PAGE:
He has appeared in court on charges believed to be connected to child-sex offences under a draconian restriction which means nothing can be said about him.Bizarrely, a second defendant in the case has not been granted anonymity.
The Mail on Sunday is aware of his job but cannot disclose any information about the man, who can be referred to only as ‘X’.
The concealment of the identity of the public servant is believed to be an unprecedented move in a criminal case of this kind.
It is not known on what basis he was granted anonymity.
Restrictions have been used in other cases like those of child-killers Jon Venables and Robert Thompson - the boys were convicted of murdering toddler James Bulger
Other restrictions have been used to conceal the identity of child-killer Mary Bell, and Jon Venables and Robert Thompson – the boys convicted of murdering toddler James Bulger.
In these cases, however, there were full and open trials and anonymity was imposed only after court proceedings had concluded.
This time, the restriction has been imposed before any trial, and, unusually, for only one of the defendants.
However, there is deep concern in legal circles about
the increasing imposition of restrictions on reporting and the creeping spread of secret justice.
This case is bound to cause particular controversy because of the man’s job and the seriousness of the charges against him.
There has been increasing concern during the past year about the super-injunctions that have been used in a number of high-profile privacy cases, often brought by highly paid footballers and other celebrities in an attempt to save themselves from embarrassment after extra-marital affairs.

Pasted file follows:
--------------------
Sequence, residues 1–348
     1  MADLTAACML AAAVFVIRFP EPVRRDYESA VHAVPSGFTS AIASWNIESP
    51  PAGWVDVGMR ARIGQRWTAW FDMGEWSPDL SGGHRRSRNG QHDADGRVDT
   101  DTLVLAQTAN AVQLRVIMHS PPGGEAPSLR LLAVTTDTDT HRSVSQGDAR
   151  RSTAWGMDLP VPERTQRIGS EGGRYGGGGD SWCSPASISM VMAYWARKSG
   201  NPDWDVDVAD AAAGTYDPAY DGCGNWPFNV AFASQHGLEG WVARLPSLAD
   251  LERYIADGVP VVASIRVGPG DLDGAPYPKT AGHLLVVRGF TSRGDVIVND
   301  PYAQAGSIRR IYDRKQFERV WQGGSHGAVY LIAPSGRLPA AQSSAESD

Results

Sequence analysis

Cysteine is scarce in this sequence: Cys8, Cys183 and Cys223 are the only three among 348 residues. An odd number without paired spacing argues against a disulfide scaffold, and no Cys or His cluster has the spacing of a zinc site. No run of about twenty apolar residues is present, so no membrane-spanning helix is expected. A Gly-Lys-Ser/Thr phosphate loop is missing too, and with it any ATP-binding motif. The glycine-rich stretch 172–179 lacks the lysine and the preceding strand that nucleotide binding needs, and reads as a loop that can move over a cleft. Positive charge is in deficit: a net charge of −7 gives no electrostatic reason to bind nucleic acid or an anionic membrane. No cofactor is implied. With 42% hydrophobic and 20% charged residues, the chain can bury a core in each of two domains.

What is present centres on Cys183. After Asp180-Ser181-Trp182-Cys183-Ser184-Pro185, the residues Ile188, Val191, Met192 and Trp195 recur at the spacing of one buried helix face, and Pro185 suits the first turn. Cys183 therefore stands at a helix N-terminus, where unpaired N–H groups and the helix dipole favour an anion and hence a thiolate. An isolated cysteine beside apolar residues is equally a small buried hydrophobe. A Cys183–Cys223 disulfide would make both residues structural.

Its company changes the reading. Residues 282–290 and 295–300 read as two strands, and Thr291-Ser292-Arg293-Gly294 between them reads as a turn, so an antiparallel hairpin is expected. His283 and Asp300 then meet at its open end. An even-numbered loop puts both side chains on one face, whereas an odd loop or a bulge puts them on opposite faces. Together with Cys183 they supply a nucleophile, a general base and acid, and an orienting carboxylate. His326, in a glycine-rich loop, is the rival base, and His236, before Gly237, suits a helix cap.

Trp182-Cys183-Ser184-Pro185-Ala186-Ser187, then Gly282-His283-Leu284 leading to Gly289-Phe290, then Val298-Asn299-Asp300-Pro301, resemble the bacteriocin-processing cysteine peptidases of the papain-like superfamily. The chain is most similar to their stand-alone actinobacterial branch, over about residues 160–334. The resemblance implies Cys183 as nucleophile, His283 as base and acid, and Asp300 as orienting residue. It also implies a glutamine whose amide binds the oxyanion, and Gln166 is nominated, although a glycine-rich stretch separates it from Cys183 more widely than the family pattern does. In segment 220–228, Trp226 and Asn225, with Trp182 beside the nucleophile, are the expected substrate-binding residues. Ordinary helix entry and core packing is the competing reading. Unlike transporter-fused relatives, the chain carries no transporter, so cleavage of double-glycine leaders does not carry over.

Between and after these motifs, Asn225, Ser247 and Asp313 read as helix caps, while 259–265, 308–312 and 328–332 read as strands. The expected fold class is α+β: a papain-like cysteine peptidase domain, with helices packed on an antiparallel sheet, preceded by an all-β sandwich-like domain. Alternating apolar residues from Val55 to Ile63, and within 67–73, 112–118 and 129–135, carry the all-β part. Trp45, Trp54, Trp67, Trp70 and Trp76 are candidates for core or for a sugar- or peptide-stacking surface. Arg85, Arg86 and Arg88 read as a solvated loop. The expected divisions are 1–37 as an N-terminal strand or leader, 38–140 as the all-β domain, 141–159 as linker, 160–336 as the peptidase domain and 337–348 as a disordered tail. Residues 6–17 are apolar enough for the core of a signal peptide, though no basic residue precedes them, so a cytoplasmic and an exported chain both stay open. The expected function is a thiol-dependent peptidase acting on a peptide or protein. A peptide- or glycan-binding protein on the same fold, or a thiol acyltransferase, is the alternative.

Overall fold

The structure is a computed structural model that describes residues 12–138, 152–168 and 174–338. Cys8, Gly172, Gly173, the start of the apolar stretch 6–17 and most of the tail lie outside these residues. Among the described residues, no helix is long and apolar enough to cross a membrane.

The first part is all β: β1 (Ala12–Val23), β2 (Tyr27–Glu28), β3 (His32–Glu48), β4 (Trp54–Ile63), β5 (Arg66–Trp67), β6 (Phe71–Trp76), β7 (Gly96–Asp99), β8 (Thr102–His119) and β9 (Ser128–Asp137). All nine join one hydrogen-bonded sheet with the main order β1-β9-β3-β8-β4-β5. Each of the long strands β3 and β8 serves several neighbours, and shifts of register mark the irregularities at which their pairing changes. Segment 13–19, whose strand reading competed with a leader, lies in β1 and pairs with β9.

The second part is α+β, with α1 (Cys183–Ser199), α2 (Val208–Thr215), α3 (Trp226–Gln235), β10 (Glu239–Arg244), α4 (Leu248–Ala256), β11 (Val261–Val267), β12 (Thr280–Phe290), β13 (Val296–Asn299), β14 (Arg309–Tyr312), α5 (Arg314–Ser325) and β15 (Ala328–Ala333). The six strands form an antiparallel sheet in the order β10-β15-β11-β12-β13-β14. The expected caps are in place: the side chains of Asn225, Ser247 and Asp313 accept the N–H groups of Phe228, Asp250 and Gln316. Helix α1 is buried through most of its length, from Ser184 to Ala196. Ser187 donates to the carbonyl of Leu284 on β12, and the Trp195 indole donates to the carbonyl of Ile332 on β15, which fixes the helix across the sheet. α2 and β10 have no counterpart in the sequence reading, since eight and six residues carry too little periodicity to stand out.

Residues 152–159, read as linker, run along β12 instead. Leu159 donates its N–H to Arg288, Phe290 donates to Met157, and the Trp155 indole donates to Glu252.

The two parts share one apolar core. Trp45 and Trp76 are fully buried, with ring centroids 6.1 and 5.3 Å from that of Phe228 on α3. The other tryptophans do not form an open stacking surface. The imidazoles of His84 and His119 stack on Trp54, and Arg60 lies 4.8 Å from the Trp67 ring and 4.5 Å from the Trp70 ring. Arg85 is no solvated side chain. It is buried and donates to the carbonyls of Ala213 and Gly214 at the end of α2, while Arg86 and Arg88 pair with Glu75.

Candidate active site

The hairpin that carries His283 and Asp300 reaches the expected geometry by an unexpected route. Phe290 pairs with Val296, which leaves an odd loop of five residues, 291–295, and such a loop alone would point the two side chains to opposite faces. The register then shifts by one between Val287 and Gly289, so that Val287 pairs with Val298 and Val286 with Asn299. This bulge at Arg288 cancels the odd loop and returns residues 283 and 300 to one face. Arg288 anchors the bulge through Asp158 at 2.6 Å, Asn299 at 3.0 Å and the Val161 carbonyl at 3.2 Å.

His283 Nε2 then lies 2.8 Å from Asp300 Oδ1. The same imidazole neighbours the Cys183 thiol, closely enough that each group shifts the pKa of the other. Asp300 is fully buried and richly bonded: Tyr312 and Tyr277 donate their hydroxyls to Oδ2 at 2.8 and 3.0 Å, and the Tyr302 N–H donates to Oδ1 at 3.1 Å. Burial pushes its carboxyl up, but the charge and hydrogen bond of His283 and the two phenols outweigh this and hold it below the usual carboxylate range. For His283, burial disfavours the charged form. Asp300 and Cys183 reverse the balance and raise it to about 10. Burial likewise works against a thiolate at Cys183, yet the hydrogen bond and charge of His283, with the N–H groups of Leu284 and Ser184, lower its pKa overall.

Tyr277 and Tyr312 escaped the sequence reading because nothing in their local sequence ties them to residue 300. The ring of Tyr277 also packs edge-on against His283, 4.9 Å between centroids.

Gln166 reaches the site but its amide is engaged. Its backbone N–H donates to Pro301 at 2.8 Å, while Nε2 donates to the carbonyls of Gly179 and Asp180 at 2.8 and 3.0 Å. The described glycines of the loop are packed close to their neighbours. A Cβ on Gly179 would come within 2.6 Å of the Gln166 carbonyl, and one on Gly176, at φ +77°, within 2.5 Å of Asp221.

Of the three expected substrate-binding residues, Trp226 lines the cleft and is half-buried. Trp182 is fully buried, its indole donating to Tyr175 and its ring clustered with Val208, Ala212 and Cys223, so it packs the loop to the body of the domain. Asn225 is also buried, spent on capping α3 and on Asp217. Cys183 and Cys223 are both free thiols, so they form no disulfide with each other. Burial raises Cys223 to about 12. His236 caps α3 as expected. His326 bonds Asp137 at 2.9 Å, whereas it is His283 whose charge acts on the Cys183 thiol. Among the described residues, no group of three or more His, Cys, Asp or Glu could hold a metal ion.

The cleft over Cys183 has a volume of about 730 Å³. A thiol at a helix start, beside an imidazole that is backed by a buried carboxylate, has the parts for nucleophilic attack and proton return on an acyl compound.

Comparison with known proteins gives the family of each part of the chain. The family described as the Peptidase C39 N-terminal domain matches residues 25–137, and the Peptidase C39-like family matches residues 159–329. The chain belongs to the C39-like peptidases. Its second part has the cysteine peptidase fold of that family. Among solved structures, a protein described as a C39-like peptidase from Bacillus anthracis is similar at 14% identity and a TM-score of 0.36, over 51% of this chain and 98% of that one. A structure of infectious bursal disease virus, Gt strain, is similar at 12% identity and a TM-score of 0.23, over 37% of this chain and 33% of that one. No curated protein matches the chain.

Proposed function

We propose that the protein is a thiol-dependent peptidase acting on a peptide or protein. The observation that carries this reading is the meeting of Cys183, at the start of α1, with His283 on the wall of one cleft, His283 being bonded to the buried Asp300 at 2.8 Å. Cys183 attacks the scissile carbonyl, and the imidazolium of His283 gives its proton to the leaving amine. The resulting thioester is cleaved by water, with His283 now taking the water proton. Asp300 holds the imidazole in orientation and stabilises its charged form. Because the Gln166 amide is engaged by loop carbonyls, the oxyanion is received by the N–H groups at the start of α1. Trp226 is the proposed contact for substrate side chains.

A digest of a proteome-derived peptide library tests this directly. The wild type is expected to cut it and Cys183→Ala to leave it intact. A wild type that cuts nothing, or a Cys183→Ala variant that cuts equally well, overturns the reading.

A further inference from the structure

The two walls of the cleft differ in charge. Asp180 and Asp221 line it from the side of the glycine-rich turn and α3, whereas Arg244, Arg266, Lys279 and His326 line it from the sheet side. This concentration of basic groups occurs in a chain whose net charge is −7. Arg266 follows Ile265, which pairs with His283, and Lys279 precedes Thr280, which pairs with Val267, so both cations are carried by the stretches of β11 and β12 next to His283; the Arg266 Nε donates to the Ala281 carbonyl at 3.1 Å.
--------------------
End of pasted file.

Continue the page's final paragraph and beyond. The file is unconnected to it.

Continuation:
Super-injunctions are so far-reaching that the media are prohibited from even revealing their existence.
The man, who is understood to be in his mid-30s, is in custody after being arrested in the past few months.
He and his co-accused are understood to be facing a total of up to 70 charges. ‘X’ appeared before magistrates in December and is due to make another pre-trial appearance at a Crown Court later this week.
We can only refer to him as ‘X’ for legal reasons.
The case is being handled by the Crown Prosecution Service but a CPS lawyer refused to talk to a Mail on Sunday reporter yesterday.
The Ministry of Justice said it held no information about the case.
The police force leading the inquiry initially said it would provide this newspaper
with information about the charges facing the two men, but then failed to return our calls.
Read more: http://www.dailymail.co.uk/news/article-1370388/Public-servant-child-sex-charges--barred-telling-him.html#ixzz1aVeAu4gr